The Israelites took the ark of the covenant from the tabernacle at Shiloh to the battle field at Ebenezer when they were fighting with the Philistines (1 Samuel 4). The ark was captured by the Philistines and taken to Ashdod, then to Gath, and finally to Ekron before they decided to get rid of it. The ark was returned to Beth-shemesh (Beth Shemesh, Bethshemesh; 1 Samuel 4-6).
Now the people of Beth-shemesh were reaping their wheat harvest in the valley, and they raised their eyes and saw the ark and were glad to see it. The cart came into the field of Joshua the Beth-shemite and stood there where there was a large stone; and they split the wood of the cart and offered the cows as a burnt offering to the LORD. (1 Samuel 6:13-14 NAU)
Our aerial photo today shows a portion of the Sorek Valley. The mound of Beth-shemesh, with its archaeological scarring, is visible in the lower right corner of the photo. The view here is NE, toward the Judean Mountains. The Sorek River bed is visible curving its way along the far side of the valley.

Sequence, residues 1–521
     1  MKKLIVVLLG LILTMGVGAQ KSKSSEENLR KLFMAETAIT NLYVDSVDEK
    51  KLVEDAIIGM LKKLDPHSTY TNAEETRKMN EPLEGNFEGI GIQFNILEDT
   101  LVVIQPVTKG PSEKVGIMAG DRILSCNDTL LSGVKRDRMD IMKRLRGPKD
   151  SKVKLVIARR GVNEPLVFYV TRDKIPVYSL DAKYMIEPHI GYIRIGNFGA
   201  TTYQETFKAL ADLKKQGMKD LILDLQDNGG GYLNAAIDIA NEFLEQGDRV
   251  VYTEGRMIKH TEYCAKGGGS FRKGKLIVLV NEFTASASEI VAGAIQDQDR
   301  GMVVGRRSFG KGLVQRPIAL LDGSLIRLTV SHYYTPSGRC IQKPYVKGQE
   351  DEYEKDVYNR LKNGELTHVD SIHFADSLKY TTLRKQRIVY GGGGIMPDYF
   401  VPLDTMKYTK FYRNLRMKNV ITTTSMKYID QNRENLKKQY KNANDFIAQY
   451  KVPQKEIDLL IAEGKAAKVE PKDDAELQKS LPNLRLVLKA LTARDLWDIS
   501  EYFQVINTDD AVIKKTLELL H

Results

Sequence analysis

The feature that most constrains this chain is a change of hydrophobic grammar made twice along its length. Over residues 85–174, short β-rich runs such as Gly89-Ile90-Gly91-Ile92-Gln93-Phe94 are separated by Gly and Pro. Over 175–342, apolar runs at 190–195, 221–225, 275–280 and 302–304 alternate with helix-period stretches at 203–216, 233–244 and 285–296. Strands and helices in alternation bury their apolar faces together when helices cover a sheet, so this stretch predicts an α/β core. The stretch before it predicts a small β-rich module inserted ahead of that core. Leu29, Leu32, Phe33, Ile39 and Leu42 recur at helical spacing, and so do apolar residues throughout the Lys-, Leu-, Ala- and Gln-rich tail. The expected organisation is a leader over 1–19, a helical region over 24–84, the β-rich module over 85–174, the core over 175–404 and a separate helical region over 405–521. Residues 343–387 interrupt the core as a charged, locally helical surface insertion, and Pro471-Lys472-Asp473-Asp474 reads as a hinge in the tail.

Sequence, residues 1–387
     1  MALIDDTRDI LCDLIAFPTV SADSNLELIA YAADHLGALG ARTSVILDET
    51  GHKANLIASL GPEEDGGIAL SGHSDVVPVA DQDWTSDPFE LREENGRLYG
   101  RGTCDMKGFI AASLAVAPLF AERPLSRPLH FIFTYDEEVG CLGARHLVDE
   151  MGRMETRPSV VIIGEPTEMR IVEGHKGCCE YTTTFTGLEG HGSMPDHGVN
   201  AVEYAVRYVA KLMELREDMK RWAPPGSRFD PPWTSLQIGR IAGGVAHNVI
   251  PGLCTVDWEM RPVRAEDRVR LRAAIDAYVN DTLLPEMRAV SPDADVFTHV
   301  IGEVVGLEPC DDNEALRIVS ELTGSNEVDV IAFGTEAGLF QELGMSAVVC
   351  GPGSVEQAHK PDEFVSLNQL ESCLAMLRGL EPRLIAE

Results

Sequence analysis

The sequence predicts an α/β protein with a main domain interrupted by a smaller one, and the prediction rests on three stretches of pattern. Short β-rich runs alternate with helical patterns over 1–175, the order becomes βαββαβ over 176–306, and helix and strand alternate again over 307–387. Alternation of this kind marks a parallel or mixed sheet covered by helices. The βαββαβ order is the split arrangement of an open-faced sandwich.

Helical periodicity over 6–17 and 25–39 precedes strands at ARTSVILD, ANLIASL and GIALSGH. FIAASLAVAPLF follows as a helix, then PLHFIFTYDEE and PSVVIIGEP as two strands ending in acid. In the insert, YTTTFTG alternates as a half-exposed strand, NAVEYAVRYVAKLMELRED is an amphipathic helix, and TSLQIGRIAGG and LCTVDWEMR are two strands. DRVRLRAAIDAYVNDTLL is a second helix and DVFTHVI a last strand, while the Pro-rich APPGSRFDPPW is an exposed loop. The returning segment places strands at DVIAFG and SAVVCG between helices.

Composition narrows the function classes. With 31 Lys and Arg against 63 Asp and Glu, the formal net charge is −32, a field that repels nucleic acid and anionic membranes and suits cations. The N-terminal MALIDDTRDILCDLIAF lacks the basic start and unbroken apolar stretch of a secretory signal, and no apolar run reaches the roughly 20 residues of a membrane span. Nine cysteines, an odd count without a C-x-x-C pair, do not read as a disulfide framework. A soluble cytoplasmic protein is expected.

The Sorek Valley is associated with the account of Samson and Delilah.
After this it came about that he loved a woman in the valley of Sorek, whose name was Delilah. (Judges 16:4 NAU)
The sites of Zorah and Eshtaol are located in the foothills of the Judean Mountains among the trees. These sites are associated with Samson.
Then the woman gave birth to a son and named him Samson; and the child grew up and the LORD blessed him. And the Spirit of the LORD began to stir him in Mahaneh-dan, between Zorah and Eshtaol. (Judges 13:24-25 NAU)
The Sorek Valley continues to the left for a few miles toward Timnah, where Samson married a Philistine woman and performed many of his exploits (Judges 14-15).